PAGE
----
Pancake Size: This shouldn’t even need to be said, but make the pancakes whatever size you like!
Incorporating Fillings: When you fill a pancake, you should always add it after putting the batter on the griddle. Nut and granola toppings will lose their crunch while resting in the batter and chunkier toppings won’t be evenly distributed, while fruit juices will bleed into the batter, thinning it out and dying it with their color (especially blueberries!).
Optional Additions: Martha recommends…chocolate chunks; dried cherries or raisins plumped in fruit juice; chopped toasted nuts; granola; sliced bananas; sliced peaches or pears and ground cardamom; apples and cinnamon; fresh raspberries, blackberries, or blueberries; poppy seeds and lemon zest…whatever you can think of!
Like so many friends, I grew up eating Jiffy Mix pancakes. Every Sunday, my dad would get up early (which he did in the first place, anyway) and, as my brother and I were waking up, he’d have the batter mixed and ready to pour onto the griddle. For those unfamiliar, Jiffy Mix is an all-purpose baking mix in which all the dry ingredients are combined, leaving your only “work” as adding liquid and fat (eggs, oil, etc); it’s really just another version of box mix cake. From my own personal experience, it seems most people, nowadays, use these types of ready-mixes for pancakes (just as they do for cake), rather than making the batter fully from scratch. I do have to say, my dad’s pancakes were always satisfying!
I think, after getting used to eating my dad’s pancakes so often, I became a bit picky about them. They’re thin and tender, like the perfect marriage between a crepe and a pancake, and they’re probably shorter, in diameter, than the full length of my hand. Restaurants, though, tend to serve thick, plate-sized masses that I wouldn’t necessarily consider tender, despite appearing fluffy. They’re the complete opposite of what I’ve always been used to, so I’ve only ordered them under the most desperate of circumstances! Yes, there are desperate, pancake-necessitating circumstances…
When I moved out of my parents’ house, nearly two years ago, I had to get my dad’s recipe so that B. and I could carry on the weekend pancake tradition. One morning, though…what I thought was one very sad morning…we found ourselves with an empty box of Jiffy Mix. There was no way I was going to let us go without pancakes and I felt terrible making B. go to the store, so I decided I’d bite the bullet and make them from scratch using a recipe I’d seen in Martha Stewart’s Favorite Comfort Food. They at least looked beautiful and I trust Martha’s expertise…so I was willing to try something different for one weekend!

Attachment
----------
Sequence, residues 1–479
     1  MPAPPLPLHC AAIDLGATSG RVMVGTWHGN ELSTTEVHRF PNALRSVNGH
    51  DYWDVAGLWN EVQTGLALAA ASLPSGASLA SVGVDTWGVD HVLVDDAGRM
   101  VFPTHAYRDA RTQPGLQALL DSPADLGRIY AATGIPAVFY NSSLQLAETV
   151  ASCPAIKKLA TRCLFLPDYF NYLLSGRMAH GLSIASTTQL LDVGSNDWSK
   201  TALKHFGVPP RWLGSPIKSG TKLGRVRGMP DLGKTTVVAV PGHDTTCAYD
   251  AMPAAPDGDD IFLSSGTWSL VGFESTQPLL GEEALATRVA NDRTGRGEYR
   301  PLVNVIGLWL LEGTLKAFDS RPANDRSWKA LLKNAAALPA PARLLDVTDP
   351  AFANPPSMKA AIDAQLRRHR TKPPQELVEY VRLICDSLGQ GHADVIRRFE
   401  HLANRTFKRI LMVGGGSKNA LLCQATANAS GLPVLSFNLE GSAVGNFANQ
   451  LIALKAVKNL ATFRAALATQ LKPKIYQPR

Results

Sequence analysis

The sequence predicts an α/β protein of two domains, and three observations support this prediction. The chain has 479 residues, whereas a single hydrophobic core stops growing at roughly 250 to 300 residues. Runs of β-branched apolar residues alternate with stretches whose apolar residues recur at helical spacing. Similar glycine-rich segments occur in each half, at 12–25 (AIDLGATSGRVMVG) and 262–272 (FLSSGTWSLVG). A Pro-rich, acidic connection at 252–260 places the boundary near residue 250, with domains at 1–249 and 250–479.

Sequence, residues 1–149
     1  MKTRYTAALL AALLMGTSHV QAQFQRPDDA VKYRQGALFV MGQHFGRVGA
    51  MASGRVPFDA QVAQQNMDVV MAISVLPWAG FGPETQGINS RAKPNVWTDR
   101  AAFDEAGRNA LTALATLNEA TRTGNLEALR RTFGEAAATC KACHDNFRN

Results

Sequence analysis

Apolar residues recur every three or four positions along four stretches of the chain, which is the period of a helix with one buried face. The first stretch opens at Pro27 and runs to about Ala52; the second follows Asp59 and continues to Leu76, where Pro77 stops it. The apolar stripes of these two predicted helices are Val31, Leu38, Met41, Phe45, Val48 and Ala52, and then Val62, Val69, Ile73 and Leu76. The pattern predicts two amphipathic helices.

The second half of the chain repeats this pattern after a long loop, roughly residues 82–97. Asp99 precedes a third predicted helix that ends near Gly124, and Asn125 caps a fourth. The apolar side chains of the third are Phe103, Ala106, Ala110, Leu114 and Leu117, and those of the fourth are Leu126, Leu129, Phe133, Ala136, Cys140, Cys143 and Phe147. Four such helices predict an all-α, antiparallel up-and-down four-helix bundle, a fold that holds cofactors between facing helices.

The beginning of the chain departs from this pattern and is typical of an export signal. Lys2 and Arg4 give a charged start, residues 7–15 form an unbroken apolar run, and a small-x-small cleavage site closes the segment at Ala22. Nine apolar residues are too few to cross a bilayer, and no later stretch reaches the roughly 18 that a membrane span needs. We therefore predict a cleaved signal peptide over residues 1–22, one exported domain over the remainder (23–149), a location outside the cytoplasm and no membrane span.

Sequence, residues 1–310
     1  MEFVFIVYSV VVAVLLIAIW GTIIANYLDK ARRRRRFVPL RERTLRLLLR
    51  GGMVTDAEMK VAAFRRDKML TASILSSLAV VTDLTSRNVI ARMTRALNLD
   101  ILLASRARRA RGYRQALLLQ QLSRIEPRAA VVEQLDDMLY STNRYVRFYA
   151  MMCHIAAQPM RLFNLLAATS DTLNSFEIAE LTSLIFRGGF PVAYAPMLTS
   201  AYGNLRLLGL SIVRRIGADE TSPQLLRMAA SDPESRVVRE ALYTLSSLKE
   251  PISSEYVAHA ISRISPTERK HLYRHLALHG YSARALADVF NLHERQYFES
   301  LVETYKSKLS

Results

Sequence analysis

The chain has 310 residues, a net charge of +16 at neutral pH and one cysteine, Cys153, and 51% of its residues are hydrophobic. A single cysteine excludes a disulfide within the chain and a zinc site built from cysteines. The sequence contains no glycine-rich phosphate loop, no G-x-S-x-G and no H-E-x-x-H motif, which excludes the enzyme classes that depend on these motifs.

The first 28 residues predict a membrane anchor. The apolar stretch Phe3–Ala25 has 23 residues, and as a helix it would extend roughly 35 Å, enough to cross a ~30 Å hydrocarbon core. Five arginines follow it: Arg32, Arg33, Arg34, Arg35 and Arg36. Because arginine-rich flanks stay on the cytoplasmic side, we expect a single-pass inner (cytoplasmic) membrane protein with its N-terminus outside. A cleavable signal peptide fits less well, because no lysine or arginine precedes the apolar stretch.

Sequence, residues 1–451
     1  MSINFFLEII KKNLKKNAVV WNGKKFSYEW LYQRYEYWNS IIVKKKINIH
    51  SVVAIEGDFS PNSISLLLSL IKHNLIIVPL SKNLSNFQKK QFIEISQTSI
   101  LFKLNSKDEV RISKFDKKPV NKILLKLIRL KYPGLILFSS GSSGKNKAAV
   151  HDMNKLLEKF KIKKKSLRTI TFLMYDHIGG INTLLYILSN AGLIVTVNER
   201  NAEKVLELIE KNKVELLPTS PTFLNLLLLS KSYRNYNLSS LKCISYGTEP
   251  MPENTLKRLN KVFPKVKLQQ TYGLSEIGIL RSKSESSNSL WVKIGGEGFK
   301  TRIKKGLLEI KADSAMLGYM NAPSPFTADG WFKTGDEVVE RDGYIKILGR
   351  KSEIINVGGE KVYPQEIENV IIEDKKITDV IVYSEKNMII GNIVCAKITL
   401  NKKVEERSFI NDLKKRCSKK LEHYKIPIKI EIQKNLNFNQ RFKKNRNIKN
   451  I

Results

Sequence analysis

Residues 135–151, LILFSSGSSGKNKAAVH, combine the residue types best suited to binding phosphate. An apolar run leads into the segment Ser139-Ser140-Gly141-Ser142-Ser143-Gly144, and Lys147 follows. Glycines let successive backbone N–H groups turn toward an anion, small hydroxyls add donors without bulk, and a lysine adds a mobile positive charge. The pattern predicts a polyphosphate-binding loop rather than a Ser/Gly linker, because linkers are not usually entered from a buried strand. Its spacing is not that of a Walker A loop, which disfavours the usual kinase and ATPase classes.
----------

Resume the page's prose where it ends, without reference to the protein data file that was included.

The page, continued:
Let me tell you, after making that first batch from scratch…I will never…never…make another pancake using a box mix. I am now even less willing to order a plate of giant, tough, brown restaurant pancakes because, well…why settle for anything less? These pancakes are fluffy and so incredibly tender, they melt in your mouth. B. and I usually end up with a few left over and, they’re so delicious, I just roll them up, hours later, and eat them plain. Leftover pancakes are not generally tasty, especially the texture, but these sure are! I wish I had a plate right now…I’m sitting here smelling the hopefully delicious pulled pork in garlic-lime marinade that’s been roasting in my oven for the past two hours and all I can think about is having a big plate of Martha’s buttermilk pancakes.
I know I’m overly against food in which any part is pre-made, but here it really does make a difference. I will admit that a box mix cake has the same texture as a homemade oil-based cake…but you cannot get these pancakes from a box and you especially can’t get them from a jug of pre-made batter! You can’t get those beautiful little holes of tenderness out of a box…you need to add the flour, baking soda, powder, and sugar yourself. In all seriousness, measuring out a few dry ingredients is not hard work. This isn’t the difference between throwing a frozen dinner in the microwave or putting together something from scratch. This is about measuring maybe four extra items into a bowl rather than measuring one pre-mixed item plus all the extras you have to add and mix by hand anyway! The extra “effort” is beyond…beyond well worth it. If I could just show up to the homes of everyone I know and make these to get the word out, I would, without a doubt!
And for a little extra incentive…check out how to turn this recipe into your own Homemade Buttermilk Pancake Mix 🙂